Eyeing retirement: How much money is enough after you leave a job?

How do you know when it's time to leave a job or if you'll have enough for retirement? Dave and Dujanovic talk to a financial planner about this important question.
1 day ago
Salt Lake City Police are investigating a fatal stabbing at the Palmer Court Apartments on Thursday...
Mark Jones

One person dead following a stabbing in Salt Lake City suspect still at large

One person died following a stabbing in Salt Lake City on Thursday afternoon, according to Salt Lake City Police. Police are still searching for a suspect.
1 day ago
UDOT crews fill potholes...
Devin Oldroyd

UDOT uses public’s help locating potholes

UDOT spokesperson John Gleason says the department is monitoring where the potholes are, thanks in large part to the public.
1 day ago
interest rate...
Curt Gresseth

Interest rate ticks up. Time to tame your debt.

The chief financial analyst for Bankrate.com joins the show to talk about the rising interest rate and how you can get out from under the debt you have accumulated.
1 day ago

Sponsored Articles

Banner with Cervical Cancer Awareness Realistic Ribbon...
Intermountain Health

Five Common Causes of Cervical Cancer – and What You Can Do to Lower Your Risk

January is National Cervical Cancer Awareness month and cancer experts at Intermountain Health are working to educate women about cervical cancer, the tests that can warn women about potential cancer, and the importance of vaccination.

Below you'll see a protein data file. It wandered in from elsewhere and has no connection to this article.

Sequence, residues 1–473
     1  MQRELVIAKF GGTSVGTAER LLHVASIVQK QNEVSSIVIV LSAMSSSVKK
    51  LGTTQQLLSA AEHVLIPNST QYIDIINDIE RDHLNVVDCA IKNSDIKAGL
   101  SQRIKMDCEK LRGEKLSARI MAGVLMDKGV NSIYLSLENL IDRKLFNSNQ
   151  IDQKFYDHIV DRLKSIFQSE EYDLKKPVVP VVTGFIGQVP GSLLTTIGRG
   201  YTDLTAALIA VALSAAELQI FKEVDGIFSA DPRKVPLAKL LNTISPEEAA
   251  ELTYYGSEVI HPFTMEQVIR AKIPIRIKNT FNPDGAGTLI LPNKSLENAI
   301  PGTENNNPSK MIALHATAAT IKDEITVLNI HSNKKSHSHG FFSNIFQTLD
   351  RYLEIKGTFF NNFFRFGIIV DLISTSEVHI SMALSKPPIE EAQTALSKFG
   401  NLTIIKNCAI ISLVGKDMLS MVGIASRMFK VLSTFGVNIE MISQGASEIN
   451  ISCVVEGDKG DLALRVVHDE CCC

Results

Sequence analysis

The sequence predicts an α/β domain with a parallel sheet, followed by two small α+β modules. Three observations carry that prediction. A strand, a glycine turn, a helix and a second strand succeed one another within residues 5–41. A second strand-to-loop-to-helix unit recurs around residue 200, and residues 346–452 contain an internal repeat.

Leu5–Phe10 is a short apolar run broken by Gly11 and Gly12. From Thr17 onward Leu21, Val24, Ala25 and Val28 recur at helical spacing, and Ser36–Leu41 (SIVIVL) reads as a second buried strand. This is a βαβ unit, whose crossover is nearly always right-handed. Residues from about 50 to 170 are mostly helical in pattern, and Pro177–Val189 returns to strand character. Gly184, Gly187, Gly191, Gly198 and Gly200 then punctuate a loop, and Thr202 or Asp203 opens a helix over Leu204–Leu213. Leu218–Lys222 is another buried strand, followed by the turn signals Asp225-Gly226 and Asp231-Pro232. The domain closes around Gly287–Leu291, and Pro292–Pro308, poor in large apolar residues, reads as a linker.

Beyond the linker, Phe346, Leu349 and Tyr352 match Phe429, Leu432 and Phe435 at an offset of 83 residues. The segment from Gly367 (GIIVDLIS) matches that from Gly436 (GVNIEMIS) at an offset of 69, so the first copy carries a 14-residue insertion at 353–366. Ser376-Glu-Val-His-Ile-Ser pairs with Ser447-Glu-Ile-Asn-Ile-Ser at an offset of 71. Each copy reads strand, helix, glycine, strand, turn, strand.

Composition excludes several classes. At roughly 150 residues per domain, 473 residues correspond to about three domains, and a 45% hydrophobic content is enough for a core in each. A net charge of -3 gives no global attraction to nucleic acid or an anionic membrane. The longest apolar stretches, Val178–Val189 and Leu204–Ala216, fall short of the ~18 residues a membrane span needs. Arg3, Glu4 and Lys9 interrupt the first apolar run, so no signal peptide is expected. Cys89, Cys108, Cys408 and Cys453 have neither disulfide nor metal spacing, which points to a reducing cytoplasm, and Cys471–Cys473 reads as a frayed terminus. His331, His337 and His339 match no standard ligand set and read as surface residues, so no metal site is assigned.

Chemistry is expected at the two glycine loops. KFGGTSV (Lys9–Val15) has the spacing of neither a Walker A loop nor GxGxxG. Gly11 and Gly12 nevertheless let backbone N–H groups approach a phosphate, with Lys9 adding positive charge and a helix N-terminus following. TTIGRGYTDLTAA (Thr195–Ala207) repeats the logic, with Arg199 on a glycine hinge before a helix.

Kid holding a cisco fish at winterfest...
Bear Lake Convention and Visitors Bureau

Get Ready for Fun at the 2023 Bear Lake Monster Winterfest

The Bear Lake Monster Winterfest is an annual weekend event jam-packed full of fun activities the whole family can enjoy. This year the event will be held from January 27-29 at the Utah Bear Lake State Park Marina and Sunrise Resort and Event Center in Garden City, Utah. 
happy friends with sparklers at christmas dinner...
Macey's

15 Easy Christmas Dinner Ideas

We’ve scoured the web for you and narrowed down a few of our favorite Christmas dinner ideas to make your planning easy. Choose from the dishes we’ve highlighted to plan your meal or start brainstorming your own meal plan a couple of weeks before to make sure you have time to shop and prepare.
Spicy Homemade Loaded Taters Tots...
Macey's

5 Game Day Snacks for the Whole Family (with recipes!)

Try these game day snacks to make watching football at home with your family feel like a special occasion. 
Happy joyful smiling casual satisfied woman learning and communicates in sign language online using...
Sorenson

The Best Tools for Deaf and Hard-of-Hearing Workplace Success

Here are some of the best resources to make your workplace work better for Deaf and hard-of-hearing employees.
Team supporters celebrating at a tailgate party...
Macey's

8 Delicious Tailgate Foods That Require Zero Prep Work

In a hurry? These 8 tailgate foods take zero prep work, so you can fuel up and get back to what matters most: getting hyped for your favorite
One year later, COVID-19 continues to impact women at work